Modification of polypyrrole nanowires array with platinum nanoparticles and glucose oxidase for fabrication of a novel glucose biosensor. Xu G, Adeloju SB, Wu Y, et al. Anal. Chim. Acta 755, 100-7, (2012)
An aptamer-based biosensing platform for highly sensitive detection of platelet-derived growth factor via enzyme-mediated direct electrochemistry. Deng K, Xiang Y, Zhang L, et al. Anal. Chim. Acta 759, 61-5, (2013)
Incorporation of beta-sitosterol into the membrane increases resistance to oxidative stress and lipid peroxidation via estrogen receptor-mediated PI3K/GSK3beta signaling. Shi C, Wu F, Zhu XC, et al. Biochim. Biophys. Acta 1830(3), 2538-44, (2013)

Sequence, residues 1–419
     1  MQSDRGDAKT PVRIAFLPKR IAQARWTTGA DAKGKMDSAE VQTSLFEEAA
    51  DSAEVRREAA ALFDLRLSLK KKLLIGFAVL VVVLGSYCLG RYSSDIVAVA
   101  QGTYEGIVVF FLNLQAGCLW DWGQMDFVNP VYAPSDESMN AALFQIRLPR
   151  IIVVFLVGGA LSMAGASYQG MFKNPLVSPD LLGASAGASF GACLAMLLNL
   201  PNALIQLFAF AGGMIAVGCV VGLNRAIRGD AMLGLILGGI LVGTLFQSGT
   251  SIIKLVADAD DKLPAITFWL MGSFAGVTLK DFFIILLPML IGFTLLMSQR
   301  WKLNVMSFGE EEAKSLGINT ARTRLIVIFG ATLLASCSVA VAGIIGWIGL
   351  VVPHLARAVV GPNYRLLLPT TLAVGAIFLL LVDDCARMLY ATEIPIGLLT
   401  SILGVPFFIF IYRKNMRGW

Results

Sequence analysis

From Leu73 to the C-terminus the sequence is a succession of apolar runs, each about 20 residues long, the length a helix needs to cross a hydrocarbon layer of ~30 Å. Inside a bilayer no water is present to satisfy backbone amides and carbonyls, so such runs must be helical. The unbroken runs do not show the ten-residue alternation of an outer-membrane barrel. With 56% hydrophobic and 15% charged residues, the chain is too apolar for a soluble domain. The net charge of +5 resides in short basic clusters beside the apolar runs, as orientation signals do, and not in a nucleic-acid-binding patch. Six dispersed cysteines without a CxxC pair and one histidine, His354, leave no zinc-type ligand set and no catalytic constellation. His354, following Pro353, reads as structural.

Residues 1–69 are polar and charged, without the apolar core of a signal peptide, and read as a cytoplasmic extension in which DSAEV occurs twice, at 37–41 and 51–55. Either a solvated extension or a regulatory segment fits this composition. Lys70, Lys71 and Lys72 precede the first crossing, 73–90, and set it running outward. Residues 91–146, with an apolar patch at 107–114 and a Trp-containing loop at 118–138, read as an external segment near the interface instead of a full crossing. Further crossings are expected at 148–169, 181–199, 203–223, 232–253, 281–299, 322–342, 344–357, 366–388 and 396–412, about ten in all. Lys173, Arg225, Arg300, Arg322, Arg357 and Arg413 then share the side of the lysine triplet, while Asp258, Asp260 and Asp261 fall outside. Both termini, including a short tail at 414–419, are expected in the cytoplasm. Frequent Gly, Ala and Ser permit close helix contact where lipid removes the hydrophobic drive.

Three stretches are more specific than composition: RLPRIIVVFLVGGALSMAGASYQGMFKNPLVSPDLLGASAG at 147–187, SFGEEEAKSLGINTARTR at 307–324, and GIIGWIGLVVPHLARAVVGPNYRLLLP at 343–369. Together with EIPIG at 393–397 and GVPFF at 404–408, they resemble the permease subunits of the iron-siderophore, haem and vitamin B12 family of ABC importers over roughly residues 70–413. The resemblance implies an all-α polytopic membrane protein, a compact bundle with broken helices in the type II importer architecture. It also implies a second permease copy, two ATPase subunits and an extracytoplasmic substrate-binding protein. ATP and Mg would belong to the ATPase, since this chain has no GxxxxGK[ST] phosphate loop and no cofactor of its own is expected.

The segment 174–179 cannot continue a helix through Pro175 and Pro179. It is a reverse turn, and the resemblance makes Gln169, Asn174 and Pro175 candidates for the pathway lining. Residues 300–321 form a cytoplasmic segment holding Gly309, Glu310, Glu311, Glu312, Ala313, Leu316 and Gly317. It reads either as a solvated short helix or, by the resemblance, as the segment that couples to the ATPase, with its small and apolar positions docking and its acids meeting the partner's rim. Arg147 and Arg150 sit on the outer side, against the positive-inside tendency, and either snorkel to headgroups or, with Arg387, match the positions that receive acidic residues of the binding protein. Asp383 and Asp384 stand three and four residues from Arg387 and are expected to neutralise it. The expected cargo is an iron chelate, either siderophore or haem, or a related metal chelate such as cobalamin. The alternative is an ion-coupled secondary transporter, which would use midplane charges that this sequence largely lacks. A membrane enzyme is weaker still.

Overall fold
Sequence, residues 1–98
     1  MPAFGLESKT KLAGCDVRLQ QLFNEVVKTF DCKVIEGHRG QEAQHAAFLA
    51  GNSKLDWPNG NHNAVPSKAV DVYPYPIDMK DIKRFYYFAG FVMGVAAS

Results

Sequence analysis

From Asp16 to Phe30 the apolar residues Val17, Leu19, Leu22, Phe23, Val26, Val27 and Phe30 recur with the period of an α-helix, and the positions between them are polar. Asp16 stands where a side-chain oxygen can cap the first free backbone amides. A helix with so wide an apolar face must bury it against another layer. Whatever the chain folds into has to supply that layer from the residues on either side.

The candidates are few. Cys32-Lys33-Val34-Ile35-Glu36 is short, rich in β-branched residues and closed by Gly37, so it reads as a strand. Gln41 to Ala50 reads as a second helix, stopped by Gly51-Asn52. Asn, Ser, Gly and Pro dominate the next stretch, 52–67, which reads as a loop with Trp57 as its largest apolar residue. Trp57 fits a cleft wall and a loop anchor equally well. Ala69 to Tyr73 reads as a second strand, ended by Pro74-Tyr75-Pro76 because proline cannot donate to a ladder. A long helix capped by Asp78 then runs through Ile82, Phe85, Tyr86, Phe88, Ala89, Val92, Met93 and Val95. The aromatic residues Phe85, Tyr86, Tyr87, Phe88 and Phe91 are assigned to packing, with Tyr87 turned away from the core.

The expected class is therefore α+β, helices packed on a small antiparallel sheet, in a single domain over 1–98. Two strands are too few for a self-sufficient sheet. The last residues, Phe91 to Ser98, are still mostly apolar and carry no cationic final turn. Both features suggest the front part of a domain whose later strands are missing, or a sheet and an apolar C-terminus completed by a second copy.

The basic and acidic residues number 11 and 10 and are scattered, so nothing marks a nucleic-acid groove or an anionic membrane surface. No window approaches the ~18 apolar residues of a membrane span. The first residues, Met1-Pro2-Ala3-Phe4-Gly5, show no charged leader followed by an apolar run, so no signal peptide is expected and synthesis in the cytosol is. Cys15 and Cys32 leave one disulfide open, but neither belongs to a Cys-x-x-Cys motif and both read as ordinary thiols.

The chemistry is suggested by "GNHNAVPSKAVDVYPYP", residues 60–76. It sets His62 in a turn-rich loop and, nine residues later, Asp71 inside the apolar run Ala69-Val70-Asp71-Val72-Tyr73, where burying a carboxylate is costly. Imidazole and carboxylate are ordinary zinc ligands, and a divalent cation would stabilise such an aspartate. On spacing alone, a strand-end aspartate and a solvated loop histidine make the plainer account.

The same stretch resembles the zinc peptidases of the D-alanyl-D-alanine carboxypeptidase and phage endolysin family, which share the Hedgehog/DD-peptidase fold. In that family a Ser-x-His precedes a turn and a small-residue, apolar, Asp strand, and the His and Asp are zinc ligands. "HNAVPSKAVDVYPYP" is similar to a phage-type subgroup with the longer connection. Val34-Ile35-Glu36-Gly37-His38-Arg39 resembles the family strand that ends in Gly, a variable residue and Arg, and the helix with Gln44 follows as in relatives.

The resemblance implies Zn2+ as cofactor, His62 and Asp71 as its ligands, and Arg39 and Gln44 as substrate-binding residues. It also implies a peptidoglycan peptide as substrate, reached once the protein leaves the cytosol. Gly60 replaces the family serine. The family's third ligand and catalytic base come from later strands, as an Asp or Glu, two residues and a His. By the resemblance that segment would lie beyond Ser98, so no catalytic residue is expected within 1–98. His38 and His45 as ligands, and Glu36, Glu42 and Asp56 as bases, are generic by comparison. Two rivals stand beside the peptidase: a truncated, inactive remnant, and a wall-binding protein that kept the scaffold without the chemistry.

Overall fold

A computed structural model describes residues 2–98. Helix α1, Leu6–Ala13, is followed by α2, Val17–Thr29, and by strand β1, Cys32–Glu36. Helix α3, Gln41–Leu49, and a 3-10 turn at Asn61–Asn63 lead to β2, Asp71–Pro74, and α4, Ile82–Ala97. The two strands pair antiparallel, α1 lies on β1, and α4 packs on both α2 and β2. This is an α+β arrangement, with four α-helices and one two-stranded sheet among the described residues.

Direct electron transfer type disposable sensor strip for glucose sensing employing an engineered FAD glucose dehydrogenase. Yamashita Y, Ferri S, Huynh ML, et al. Enzyme Microb. Technol. 52(2), 123-8, (2013)
Preparation and characterization of glucose oxidase nanoparticles and their application in dissolved oxygen metric determination of serum glucose. Kundu N, Yadav S, and Pundir CS J. Nanosci. Nanotechnol. 13(3), 1710-6, (2013)
Notatin: an anti-bacterial glucose-aerodehydrogenase from Penicillium notatum Westling and Penicillium resticulosum sp. nov. Coulthard CE, Michaelis R, Short WF, et al. Biochem. J. 39(1), 24-36, (1945)
Glucose transforming enzymes A. Crueger, W. Crueger Microbial Enzymes and Biotechnology, (1990), 177-226